If you’re reading this, thanks for connecting with us and the things we are doing as part of the Families in Psychology Project (FIPP). One of the most frequent questions we receive from people interested in our work is, “How did you get started?”
My colleague Lila and I trained at the Pacific Graduate School of Psychology at Palo Alto University, a professional school in psychology in California’s Bay Area. As graduate students, we worked together as teaching assistants and became friends. Lila and I went through the internship application and match process while we were both pregnant. During that time, we leaned upon one another for support and communicated about the unique challenges we faced. From our experiences we were inspired to connect with others about what it was like to start a family in graduate school.
In 2016, Lila and I, along with other professionals with children, presented a symposium on balancing career and family at the American Psychological Association Convention. We had quite a turnout and received a positive response from attendees. Many people wanted to know more about resources for support as they chartered their own journeys into parenthood. We knew there was a serious ongoing need for advocacy and study in this area and figured, “Why not us?”
If you check out our first post you can get a sense of the goals for this blog. We believe that sharing one’s narrative can be therapeutic and empowering for both the writer and their audience. There are so many stories I could share about my experience of becoming a parent in graduate school. Today I’ll focus on one, which illustrates part of my motivation for getting involved in this advocacy work.
Our doctoral program had rigorous requirements for students to be eligible to apply for internship. There was heavy oversight of where we applied and what we included in our applications. We were each assigned a faculty member — the faculty internship advisor (FIA) — tasked with making sure we matched. In graduate school there was always talk of the “hoops” we needed to jump through to become a psychologist and this was no exception. Applying for a job can be stressful on its own and for me all the added scrutiny, though supportive in its aim, made it feel like a circus act. As I moved on in my career and spoke with others who trained in different programs, I learned that this is not the case for everyone. It was a grueling process on top of an already difficult task, and the whole thing was pretty scary. Some wondered whether the program valued a perfect match rate and maintaining accreditation more than anything else. My cohort trained during the height of the recent internship crisis. The competition and overall tensions were palpable.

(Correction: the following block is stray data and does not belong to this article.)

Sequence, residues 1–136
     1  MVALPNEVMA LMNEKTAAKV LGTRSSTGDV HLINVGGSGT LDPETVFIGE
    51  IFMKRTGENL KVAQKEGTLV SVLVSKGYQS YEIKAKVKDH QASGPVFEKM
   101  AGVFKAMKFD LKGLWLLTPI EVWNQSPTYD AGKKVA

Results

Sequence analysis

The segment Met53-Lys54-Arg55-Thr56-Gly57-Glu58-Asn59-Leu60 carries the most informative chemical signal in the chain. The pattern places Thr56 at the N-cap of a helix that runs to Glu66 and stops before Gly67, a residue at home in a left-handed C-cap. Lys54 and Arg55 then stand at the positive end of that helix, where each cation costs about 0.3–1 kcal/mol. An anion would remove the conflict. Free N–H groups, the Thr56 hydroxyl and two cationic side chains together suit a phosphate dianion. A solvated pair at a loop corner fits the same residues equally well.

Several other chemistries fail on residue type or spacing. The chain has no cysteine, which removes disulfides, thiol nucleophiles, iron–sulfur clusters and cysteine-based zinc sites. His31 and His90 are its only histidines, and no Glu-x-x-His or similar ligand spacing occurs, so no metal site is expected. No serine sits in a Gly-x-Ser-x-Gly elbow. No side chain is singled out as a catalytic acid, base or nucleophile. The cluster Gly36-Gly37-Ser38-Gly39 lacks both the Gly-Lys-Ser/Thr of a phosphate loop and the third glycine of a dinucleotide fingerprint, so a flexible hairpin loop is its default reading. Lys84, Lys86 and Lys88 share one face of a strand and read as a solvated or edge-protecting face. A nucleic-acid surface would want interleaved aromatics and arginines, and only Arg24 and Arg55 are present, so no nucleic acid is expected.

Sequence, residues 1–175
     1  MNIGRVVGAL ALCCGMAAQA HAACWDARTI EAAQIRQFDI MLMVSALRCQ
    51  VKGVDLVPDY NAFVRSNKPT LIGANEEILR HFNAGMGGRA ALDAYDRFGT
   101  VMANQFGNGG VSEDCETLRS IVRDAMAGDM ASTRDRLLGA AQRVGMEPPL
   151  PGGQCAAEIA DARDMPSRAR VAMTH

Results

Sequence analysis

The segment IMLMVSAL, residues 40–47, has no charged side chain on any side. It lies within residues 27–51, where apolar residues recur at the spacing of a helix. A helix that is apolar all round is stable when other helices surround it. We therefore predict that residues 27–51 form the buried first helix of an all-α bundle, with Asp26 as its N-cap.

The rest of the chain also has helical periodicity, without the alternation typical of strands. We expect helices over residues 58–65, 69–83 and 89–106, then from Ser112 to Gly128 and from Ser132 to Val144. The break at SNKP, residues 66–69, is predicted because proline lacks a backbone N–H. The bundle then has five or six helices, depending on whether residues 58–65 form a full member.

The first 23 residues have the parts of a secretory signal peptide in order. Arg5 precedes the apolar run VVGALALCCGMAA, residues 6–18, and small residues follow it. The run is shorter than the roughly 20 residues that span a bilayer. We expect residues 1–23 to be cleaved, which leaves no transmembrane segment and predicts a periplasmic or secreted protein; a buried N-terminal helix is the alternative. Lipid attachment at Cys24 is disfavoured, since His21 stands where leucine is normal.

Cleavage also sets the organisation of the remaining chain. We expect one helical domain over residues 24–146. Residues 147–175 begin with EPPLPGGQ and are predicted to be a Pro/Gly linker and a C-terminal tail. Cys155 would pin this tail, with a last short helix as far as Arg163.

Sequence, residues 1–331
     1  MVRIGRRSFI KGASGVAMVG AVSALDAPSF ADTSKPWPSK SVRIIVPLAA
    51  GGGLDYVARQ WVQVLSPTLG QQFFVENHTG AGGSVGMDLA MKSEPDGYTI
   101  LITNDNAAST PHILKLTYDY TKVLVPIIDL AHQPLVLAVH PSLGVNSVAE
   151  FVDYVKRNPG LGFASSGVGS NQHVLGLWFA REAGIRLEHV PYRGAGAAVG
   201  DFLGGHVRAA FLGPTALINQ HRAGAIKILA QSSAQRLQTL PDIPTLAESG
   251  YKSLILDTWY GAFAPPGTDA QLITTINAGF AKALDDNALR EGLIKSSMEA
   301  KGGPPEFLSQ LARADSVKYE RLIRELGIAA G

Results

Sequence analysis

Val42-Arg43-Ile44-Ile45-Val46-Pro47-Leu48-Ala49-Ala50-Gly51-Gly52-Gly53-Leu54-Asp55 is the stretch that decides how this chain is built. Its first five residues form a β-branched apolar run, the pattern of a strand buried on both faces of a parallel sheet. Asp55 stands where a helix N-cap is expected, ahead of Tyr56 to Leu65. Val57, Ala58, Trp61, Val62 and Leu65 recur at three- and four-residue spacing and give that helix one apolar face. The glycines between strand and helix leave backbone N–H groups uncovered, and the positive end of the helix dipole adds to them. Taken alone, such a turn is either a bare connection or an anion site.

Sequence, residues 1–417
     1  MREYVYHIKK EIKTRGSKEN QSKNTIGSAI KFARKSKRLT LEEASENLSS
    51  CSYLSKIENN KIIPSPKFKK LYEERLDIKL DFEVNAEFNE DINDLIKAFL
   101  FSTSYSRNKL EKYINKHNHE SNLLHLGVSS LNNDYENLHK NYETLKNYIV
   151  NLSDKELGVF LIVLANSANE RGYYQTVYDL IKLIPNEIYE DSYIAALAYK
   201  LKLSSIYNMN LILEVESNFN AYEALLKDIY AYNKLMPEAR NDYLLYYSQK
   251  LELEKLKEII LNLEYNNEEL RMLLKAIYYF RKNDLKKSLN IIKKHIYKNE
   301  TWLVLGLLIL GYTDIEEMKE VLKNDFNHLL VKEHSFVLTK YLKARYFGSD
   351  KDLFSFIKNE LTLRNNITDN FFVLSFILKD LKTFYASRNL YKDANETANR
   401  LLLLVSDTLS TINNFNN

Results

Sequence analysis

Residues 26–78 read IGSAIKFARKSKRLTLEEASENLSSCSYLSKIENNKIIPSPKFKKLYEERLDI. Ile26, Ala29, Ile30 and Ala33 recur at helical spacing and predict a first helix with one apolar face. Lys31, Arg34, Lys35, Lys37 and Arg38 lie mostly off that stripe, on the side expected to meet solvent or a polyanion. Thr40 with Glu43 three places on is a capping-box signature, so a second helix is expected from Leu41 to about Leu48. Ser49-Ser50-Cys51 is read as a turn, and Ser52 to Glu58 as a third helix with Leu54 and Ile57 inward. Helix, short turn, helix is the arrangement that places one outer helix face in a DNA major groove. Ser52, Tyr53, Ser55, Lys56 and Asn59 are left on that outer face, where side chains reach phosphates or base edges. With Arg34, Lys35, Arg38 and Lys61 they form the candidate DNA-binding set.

I was 16 weeks pregnant when I had my first meeting with my FIA who was a senior leader in our program’s Office of Professional Advising and Development. I held respect for her and her role in our community, though I would be lying if I said I wasn’t intimidated by the power she wielded. I met with her in her office and talked to her about my professional training goals. Then I told her I was having a baby. Though I was clear into the second trimester and felt comfortable telling friends and family about the exciting news, disclosing this information to a professional advisor felt risky. Nevertheless, by then I was too far along to hide it and ultimately didn’t see the point. I remember that in response to my disclosure she opened her desk and showed me a photo of her child sitting on her husband’s lap at her graduation ceremony.
I wasn’t alone. It could be done. I was doing it.
My FIA pulled no punches in letting me know what challenges were ahead. We didn’t always agree though I appreciated her guidance and feedback. I struggled with advocating for what I wanted rather than having someone else decide what was the best fit for me. When I became a parent— became a mother— I recall a sense of vulnerability and the instinct to protect myself and my child. I needed to do what was right for me and my family and not what someone else chose for me. Every step of the process held its own unique obstacles. I was ready for some and broadsided by others.
My daughter was almost two months old on the day I matched. Before I knew it, she was at my own graduation ceremony sitting on her daddy’s lap. And on the last day of my internship she was there to greet me with a smile and a hug when I came home.
When we see other people with families achieving their professional goals, we are enabled to do the same. For all of its aims, I hope FIPP can model for and empower others to do the things they need for themselves and their families. I hope to carry on the message that it can be done. You’re not alone. And when you do it— which you will if you choose to— you’re helping others know that they can do it too.
Breanna Wilhelmi, Ph.D.
Families in Psychology Project